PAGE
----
I’ve always been deeply opposed to corruption, a major problem in my country, not least for our soldiers fighting the insurgency. My brother, who is serving in the east, wasn’t issued anything but an old-fashioned AK-47 when he joined the army. My family, like too many others, had to spend their own money to buy what he needed: We found a secondhand NATO uniform, body armor, a helmet, a gun sight for his weapon, and kneepads and boots, all for roughly $2,400, including winter gear.We were fortunate to have the money. The median monthly salary in Ukraine is about $260, which means that it’s impossible for the average family to equip their sons and brothers for war. The salary of a conscripted soldier varies from $185 to $417, depending on rank and specialty. In times of peace, corruption hurts people indirectly. In times of war, corruption can be as deadly as a bullet. Ukraine’s war with Russian-backed separatists came suddenly and caught the government unprepared. In Soviet times the military was relatively well equipped, but in the decades since that era ended our forces have deteriorated as defense spending has shrunk. In recent times, the Defense Ministry’s processes of procurement have usually been kept secret — specifications for body armor, for example, aren’t published. This means that the government can get away with purchasing low-quality gear. And it usually does. The Office of the General Prosecutor recently announced that it is bringing charges against several former Defense Ministry officials who purchased substandard body armor for the army. They are accused of spending $5.6 million to buy 17,080 pieces of low-quality body armor, which, according to reports in the Ukrainian media, have led to dozens of casualties and deaths during military operations in the east. The armor was apparently incapable of withstanding a direct hit from a bullet. In August, President Petro O. Poroshenko fired two Defense Ministry procurement directors for corruption. According to media reports, they will be charged with misuse of public funds, but not with manslaughter. New procurement procedures were supposed to prevent corrupt practices that put our soldiers at even greater risk. In 2013, the Defense Ministry said that its Department of Internal Audit and Financial Control was starting a special investigation on behalf of the army under the direction of the then-minister of defense, Pavlo Lebedyev. Previously, it was relatively easy for bureaucrats in the ministry to jeopardize the integrity of an investigation. But last June, representatives from the internal audit department were excluded from procurement committees and lost their mandate to check army contracts. The military’s official explanation was that in times of war the army leadership needs the authority and flexibility to conduct its own purchases in order to supply troops as quickly as possible.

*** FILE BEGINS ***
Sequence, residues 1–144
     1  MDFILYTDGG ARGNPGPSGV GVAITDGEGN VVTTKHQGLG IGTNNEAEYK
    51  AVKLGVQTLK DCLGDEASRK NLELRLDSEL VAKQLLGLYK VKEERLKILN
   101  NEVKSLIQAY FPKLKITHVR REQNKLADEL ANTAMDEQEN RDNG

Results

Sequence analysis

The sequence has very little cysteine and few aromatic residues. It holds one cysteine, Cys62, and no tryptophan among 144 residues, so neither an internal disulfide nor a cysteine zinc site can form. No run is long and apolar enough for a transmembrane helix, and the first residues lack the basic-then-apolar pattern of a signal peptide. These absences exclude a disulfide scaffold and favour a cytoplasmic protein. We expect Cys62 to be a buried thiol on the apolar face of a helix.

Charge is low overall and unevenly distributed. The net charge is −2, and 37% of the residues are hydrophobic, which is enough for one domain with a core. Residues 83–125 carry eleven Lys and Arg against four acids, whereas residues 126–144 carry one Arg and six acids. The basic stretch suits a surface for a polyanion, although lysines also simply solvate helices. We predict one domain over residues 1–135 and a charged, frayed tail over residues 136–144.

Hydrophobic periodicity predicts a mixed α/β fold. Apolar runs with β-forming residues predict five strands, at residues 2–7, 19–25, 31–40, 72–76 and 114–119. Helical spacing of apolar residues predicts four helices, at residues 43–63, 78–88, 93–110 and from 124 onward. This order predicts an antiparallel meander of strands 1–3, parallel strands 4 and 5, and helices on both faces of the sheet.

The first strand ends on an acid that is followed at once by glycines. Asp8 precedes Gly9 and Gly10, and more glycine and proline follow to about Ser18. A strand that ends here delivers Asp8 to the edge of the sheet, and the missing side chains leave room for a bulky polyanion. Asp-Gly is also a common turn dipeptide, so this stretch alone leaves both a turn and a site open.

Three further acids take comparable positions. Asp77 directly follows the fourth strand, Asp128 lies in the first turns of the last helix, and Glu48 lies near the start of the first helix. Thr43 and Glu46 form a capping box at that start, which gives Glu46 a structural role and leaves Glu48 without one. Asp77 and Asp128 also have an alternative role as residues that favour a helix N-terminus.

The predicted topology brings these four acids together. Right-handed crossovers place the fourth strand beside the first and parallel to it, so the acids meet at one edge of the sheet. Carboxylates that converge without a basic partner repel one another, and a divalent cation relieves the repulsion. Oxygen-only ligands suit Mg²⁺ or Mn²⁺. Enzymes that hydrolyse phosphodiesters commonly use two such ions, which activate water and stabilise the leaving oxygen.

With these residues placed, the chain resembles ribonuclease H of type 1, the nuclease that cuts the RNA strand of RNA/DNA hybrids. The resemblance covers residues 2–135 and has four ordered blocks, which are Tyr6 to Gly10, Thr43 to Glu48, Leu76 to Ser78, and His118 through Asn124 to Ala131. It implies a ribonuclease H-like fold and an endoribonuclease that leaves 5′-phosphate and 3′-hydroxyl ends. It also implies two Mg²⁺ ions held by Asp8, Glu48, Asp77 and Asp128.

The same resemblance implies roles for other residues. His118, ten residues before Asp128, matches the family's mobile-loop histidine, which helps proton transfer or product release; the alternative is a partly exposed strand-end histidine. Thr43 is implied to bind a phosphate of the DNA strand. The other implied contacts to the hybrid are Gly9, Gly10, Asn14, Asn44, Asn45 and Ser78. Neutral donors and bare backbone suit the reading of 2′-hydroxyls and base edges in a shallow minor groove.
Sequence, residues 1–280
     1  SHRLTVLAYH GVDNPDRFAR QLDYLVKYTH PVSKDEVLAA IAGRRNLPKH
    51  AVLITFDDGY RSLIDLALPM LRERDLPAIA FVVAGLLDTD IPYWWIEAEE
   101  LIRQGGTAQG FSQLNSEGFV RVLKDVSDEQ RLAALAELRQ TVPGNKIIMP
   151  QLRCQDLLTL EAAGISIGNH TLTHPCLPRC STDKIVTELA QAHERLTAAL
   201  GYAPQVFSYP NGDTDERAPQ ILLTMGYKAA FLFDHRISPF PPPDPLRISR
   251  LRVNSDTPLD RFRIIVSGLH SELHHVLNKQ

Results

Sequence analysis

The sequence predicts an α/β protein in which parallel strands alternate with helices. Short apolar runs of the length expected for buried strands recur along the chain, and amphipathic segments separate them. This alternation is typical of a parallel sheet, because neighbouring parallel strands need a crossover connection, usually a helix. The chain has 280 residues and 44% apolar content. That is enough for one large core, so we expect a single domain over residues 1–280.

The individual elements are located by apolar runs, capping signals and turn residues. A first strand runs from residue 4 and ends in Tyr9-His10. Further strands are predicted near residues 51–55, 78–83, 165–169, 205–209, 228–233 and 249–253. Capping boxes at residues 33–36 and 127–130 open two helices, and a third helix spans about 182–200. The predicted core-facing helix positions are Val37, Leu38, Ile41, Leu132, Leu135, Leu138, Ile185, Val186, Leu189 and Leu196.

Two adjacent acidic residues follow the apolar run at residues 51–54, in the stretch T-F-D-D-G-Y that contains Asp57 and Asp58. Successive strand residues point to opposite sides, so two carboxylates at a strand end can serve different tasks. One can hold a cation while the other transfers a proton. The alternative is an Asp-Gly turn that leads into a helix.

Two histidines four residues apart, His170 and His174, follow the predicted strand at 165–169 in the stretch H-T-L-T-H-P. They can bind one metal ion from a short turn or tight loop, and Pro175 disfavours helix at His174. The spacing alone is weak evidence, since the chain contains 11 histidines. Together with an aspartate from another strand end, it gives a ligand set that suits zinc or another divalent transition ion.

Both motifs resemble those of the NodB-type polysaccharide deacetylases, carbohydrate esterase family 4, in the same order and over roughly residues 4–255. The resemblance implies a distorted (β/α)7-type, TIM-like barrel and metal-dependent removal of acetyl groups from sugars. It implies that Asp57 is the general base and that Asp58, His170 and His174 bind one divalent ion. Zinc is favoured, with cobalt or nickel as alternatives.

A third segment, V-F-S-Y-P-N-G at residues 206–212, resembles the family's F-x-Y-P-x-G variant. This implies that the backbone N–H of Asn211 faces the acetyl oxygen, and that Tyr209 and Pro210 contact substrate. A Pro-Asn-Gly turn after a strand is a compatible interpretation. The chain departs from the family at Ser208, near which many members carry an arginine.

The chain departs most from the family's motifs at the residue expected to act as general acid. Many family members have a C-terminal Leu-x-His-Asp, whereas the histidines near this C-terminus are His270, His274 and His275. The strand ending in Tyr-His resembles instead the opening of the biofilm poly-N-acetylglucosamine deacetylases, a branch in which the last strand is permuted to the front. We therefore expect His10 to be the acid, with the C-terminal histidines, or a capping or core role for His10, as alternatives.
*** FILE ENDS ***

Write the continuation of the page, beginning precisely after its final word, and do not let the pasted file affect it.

My brother says he was recently told he should buy his own winter equipment because the army couldn’t guarantee supplies. If they’ve changed the procurement system to make it faster, why are they still telling soldiers that they must fend for themselves?Tetyana Chornovil, a former journalist who was put in charge of the new government’s anticorruption policy, recently resigned her post. “There is no political will in Ukraine for an uncompromising, wide-scale war on corruption,” she said in a newspaper interview.
Ordinary people in Ukraine want to help their soldiers. They buy special bracelets to support the troops and donate their time to volunteer organizations. But there have been reports that some initiatives are simply get-rich-quick schemes. I’ve heard of one organization whose members collected donations from the public to buy military equipment for the troops, then actually tried to sell it to soldiers.